Records for Road Tripping
On Saturday (3 More Sleeps!) I will be departing Vancouver on an epic road trip to visit my friend in Los Angeles. There is much to be excited about: Seeing Kat, More sunshine and less rain, record shopping, Mexican food, and just as certainly, preparing music for the long drive. Here are a few albums I’m excited to listen to while driving south – but I have to drive back to, so feel free to make your own suggestions in the comments below. Oh, and if you want to check out any of the albums, their picture to the right will link to a Grooveshark stream. In the order of backwards chronology, enjoy!
The Only Place – Best Coast, 2012
Reviewers everywhere raved about this record, and the truth is, I still haven’t listened to more than one or two Best Coast singles, so it seems that now is the time. Plus, we have so much in common: I’m going to L.A., via the coast – the band is from L.A. and called Best Coast; I’ll be on the road – this album was written while on tour; the bear on the cover is hugging a map – I’ll likely be doing some map hugging myself. It’s pretty much destiny.
Vows – Kimbra, 2010
Kimbra sounds like she’s having a really good time on her funky debut album, Vows, and it’s hard to imagine not having fun while it’s playing. I am planning to save this record for a much needed dance break, or perhaps as a celebration for crossing over a state line. The song I’m most looking forward to is absolutely the bonus track, called “The Warrior,” for which I just found this Luchadore-themed music video:
Fleet Foxes – Fleet Foxes, 2008
Back when I was writing a list of what I thought were the best albums of the “ohsies” decade (2000-2009), Fleet Foxes’ self-titled debut was my number 5, but I put off writing about the album because I was convinced they were best heard while on the road. This road trip seems like the perfect chance to put my own theory to the test, and maybe come home with a blog ready to publish.
Funeral – Arcade Fire, 2004
Another one of my favourite albums from that decade, I have plenty to say about it here. This was unquestionably the album I spent the most time listening to in 2005 – particularly in the first few months of moving into a basement in Vancouver and beginning a grad program. This is one of those albums that I know all the words to, but can’t remember ever trying to learn them. So, for the sake of loud singing in the car, Funeral will be my go-to. Not to mention, it will be good to have some Can-Con to remember the music of home.
At the music store that I work at, we found a copy of this in print form in the clearance bin, and ever since, we’ve had it on display right across from the tills where we take yo money. The cover art alone is enough to transport me back to high school… all of those classes so full like sardines’ tins… no just kidding. The music is nostalgic, and although I went on an early Beastie Boys kick earlier this year when Adam Yauch died, I still haven’t really returned to Hello Nasty, even thought it was one of my favourites.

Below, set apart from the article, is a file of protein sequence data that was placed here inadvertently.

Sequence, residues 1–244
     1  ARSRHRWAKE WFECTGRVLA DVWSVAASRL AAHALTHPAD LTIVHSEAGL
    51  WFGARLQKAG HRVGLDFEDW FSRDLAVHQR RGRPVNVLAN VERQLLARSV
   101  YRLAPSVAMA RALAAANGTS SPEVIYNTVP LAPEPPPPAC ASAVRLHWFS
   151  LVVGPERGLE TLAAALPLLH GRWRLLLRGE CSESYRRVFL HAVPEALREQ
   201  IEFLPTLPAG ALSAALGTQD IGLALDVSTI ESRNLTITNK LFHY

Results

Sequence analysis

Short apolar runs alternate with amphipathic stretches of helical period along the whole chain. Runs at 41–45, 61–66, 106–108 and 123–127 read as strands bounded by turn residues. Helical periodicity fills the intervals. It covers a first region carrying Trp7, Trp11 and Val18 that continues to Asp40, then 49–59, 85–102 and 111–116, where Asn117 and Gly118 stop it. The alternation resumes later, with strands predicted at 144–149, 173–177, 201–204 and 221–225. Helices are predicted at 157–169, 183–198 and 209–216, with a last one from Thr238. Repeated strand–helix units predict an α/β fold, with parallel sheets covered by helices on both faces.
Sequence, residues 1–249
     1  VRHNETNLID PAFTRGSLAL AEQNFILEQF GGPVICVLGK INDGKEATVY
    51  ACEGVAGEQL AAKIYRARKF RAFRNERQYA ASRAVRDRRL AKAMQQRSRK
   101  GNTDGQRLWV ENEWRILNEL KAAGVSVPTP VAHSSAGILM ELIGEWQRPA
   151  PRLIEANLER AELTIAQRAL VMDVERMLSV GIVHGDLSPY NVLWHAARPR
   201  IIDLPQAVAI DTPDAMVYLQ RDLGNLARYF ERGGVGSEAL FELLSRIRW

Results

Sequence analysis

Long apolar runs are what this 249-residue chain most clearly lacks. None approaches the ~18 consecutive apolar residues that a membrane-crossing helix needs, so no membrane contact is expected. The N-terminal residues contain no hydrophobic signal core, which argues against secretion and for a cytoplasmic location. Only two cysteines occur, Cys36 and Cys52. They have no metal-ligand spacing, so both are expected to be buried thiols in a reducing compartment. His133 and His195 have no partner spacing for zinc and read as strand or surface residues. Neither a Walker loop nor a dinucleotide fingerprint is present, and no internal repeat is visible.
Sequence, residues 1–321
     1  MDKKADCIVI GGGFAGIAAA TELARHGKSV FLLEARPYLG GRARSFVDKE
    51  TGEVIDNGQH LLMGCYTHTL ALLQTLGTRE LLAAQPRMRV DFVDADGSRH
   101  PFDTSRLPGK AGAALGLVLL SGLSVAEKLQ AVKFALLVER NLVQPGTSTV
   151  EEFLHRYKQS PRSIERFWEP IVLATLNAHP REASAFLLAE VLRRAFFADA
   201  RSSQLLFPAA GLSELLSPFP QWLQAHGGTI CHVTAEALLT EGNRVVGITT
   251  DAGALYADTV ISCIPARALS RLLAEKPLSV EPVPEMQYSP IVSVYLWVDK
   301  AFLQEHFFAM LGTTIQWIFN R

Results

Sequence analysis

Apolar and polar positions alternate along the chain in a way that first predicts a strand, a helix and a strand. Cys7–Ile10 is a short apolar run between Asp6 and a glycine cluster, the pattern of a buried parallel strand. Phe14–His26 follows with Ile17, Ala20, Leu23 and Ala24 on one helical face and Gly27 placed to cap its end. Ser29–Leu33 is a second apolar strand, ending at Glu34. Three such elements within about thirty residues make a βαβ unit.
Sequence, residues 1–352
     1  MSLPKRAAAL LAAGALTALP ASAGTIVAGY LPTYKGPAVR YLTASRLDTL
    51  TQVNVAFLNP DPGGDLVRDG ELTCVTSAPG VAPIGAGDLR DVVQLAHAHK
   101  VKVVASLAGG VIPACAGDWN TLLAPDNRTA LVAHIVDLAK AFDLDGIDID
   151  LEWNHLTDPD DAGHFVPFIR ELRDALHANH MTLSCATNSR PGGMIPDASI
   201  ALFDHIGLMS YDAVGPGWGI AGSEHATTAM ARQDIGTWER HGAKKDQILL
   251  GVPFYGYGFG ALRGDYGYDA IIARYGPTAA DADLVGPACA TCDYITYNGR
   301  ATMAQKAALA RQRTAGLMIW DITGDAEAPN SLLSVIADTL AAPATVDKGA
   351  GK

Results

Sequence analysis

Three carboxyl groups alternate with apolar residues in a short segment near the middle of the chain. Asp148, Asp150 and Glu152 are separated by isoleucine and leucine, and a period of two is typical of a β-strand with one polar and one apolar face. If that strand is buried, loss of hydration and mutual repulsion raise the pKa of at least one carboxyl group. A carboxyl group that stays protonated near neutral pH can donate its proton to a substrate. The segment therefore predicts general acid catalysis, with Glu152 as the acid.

Janet – Janet Jackson, 1993
Why Janet? Well, I love Janet Jackson for nearly any occasion – especially when she’s produced by Jimmy Jam & Terry Lewis – and the truth is, I came across the CD in my room and realized that it had been a while since I put it on. I rarely listen to it as a full album in iTunes because of all the interludes and whatnot that are often unchecked, so having to put it on in its compact disc format might actually have a advantage.
Cypress Hill – Cypress Hill, 1991
This road trip would be incomplete without some L.A. bred rap music. I’m considering making an L.A. Rap playlist, that will be chalk-full of Dre and Snoop and Eazy E, but this self-titled, early 90’s classic seems like the right choice for a Vancouver (which has an actual Cypress Hill) to Los Angeles drive. At the very least, I’ll be nodding my head to this one:
Tracy Chapman – Tracy Chapman, 1988
“Fast Car,” is on this album, and it’s a classic road trip song for obvious reasons: “Is it fast enough for us to fly away?” But instead of just moving the one track to a playlist, I thought this album might be a chill break from the tunes that are meant to keep me awake and moving. Tracy Chapman might be just what I need to reflect and rest as we watch the scenery pass by.
(IV) – Led Zeppelin, 1971
Led Zeppelin is perfect for driving to, and this technically untitled record is not only one of their best, but also has “Going to California.” As an added bonus, “Stairway to Heaven,” will take up a whole 8 minutes. I’ve had Led Zeppelin in my mind all week because of this amazing website, The Bonhamizer, where you can add John Bonham drum tracks to any song you want to upload. It’s a lot of fun, but I’d rather drive to L.A. listening to Bonham how he was intended to be heard.
Saxophone Colossus – Sonny Rollins, 1956
Bet you weren’t expecting this one? I will likely need some jazz at some point, so why not one of the best saxophone soloists who ever lived, playing some of his all-time best solos ever recorded? No biggie! I have loved this record ever since my high school band teacher gave us homework to go buy some jazz, and as a result, Saxophone Colossus was the second jazz album I ever spent my own money on (right after Miles Davis’ Kind of Blue). Anyway, it’s catchy and awesome and I like it.
So, there are 10 albums that represent some of the diverse music that will be providing soundtrack to my epic adventure. The problem is, if I count it up, this music will only last me about 8 hours, and the way there alone is roughly 25! So, feel free to let me know what albums you’d be listening to on trip along the west coast in the comments below – I’m welcoming suggestions!